the way you look at it

We’ve had a long, not-anything-resembling-awesome week, he and I.  It’s been a special kind of hell, really.  Full of hard conversations and second-guessing ourselves and deeply rooted fear of letting people down and wrestling the darkness that threatens to consume us all from time to time.

So he’s lying there on the floor of our apartment, which hasn’t been vacuumed in an ungodly number of weeks and I have watched the past seven days slowly drain the life out of his eyes.  And he and I, deep down, both believe that it’s possible to rejoice in trials, but really? Sometimes even if you wanted to rejoice, you have no energy left to do it with.  And so you stop to catch a breath, because that’s all you’ve got.  And I’m convinced that, more often than we naturally believe, that’s exactly what rejoicing looks like.  The glorious moment of surrender when you hit the end of your rope and your back hits the floor and you give in to a not-so-Sunday kind of Sabbath, trust that God is fully capable of keeping the world turning with or without your help.

And watching him lie there, my own heart rejoices in a quiet, exhausted way.  I traipse barefoot into the bathroom and grab the coconut oil.  Walk steady back into the living room and settle myself cross-legged at his feet.  I pull his socks off, and blue eyes flutter open.  He asks what I’m doing.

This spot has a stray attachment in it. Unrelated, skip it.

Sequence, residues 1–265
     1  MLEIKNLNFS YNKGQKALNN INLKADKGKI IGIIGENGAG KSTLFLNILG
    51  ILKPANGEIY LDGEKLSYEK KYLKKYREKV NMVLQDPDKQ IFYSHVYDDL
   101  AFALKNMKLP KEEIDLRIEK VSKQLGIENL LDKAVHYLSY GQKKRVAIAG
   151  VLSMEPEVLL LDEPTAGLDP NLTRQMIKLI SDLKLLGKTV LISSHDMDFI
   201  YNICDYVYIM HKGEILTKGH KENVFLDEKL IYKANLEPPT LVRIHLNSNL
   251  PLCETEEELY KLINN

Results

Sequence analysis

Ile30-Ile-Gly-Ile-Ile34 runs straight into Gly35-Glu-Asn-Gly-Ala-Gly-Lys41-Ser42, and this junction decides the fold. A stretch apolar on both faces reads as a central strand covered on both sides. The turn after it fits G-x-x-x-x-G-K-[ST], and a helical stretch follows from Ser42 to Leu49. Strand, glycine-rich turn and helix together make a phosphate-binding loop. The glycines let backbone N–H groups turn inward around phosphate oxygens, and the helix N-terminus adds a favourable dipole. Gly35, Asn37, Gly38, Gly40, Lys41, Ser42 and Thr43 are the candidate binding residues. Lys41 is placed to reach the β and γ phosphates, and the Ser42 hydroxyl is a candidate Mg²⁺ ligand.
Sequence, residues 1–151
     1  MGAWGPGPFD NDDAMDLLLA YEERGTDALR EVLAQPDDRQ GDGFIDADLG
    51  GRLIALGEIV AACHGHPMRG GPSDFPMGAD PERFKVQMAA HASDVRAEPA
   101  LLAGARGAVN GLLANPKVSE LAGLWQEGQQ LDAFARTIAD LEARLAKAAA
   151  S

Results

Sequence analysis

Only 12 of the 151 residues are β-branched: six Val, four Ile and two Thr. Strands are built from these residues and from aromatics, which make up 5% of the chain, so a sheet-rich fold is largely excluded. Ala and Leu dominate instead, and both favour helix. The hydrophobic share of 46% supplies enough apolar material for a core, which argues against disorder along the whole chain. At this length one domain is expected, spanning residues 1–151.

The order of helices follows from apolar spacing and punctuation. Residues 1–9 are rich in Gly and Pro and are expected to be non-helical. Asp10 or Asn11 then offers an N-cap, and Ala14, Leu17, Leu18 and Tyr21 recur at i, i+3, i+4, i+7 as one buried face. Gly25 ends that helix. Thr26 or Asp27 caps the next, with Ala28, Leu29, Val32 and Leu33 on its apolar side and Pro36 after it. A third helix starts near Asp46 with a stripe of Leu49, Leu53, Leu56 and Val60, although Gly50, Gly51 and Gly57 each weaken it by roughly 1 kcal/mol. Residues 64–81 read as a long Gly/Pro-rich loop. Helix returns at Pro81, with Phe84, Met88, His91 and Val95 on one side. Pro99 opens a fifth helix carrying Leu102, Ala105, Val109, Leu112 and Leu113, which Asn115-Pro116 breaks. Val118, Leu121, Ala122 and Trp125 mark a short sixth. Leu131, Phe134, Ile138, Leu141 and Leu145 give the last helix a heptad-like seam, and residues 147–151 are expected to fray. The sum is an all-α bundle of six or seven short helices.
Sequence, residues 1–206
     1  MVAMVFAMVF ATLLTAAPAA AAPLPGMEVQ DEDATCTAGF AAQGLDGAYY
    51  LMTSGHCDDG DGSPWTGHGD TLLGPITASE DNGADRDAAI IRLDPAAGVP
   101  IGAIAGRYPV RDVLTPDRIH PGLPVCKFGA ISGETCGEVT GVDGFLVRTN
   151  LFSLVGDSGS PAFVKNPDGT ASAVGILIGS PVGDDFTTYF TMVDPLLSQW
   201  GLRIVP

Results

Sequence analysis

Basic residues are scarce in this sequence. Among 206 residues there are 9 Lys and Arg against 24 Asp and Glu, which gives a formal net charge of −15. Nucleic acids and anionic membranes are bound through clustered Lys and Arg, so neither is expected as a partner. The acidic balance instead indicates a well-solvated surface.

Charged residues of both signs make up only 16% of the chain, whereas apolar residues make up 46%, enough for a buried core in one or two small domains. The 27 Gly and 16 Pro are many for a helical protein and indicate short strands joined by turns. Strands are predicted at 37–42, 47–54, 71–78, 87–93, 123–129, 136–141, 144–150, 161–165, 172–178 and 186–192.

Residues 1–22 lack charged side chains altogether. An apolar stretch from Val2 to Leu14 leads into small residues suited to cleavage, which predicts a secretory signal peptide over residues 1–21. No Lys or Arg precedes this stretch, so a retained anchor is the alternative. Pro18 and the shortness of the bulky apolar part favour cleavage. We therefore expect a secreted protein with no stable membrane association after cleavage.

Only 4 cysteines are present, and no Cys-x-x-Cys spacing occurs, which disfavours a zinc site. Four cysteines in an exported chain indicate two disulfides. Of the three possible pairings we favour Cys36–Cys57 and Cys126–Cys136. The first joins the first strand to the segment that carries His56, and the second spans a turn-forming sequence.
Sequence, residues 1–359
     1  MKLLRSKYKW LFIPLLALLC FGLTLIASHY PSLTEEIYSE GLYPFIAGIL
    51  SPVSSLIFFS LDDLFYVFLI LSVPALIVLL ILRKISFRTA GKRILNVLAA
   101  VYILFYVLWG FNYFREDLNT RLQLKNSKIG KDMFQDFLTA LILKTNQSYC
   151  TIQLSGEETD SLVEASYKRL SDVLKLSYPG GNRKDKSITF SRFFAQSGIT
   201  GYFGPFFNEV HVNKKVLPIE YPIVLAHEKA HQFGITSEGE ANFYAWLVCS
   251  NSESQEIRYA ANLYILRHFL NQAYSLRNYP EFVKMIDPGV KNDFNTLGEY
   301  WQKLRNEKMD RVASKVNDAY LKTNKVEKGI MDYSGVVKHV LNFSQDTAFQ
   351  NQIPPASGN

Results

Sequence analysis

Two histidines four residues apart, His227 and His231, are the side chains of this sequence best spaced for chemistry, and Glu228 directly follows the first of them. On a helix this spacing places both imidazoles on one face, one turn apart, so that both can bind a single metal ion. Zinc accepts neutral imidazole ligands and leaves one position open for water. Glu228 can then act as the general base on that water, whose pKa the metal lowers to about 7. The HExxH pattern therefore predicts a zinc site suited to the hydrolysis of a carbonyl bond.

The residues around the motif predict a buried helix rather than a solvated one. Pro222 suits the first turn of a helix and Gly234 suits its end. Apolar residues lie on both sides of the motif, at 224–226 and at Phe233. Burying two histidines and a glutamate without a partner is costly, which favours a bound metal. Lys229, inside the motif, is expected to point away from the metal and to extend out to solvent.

The only response I can come up with is this.

Loving you.

Because this past week isn’t one for the fairy tale storybooks, isn’t one burning with the fire of passionate emotion, isn’t one which expresses love in sonnets.  This is the kind of season when all love knows how to do is act, rather than feel or speak.  The kind of week when all love can give is a foot rub.

So while he rests, I sit there at his feet, rubbing them and closing my eyes.  For a minute, the coconut smell embraces me with the thought that maybe, just maybe, I’m rubbing his feet on a beach in Cancun.  I smile wide, eyes closed.  No magic has been done, and we’re still on the dirty carpet of our apartment.  But loving him changes things, slow and steady.  And I wonder for a minute if this is how she felt, sitting at the feet of Jesus, covering them in perfume and her hair.  Giving something that felt like ABSOLUTELY NOTHING, knowing it was all the love-in-action she possessed.  I can identify with her, the joy in serving Him, coupled with what had to be a little bit of remorse at the fact that this was all she had to give.  I can identify with her because this man, whose feet I rub after a week that felt like a year, he has been Jesus wrapped in skin to me on so many days.   And there are a billion other things I wish I could do to breathe life back into him when his heart is so very tired.  But this thing, this quiet giving in this quiet moment, is enough.

And it’s funny…I feel it happening, sitting there and actively loving him in a silent apartment that still looks like we just moved in a week ago.  Feel fists unclenching, knuckles turning pink as they regain blood flow.  The knots in my chest loosen, and I start to breathe easier than I have in days.  Nothing has changed and everything has at the same time.

Love, this love in action, really does change everything, and not in the way the fairy tales tell it.  It doesn’t always change life itself, but it sure does change the way you look at it.

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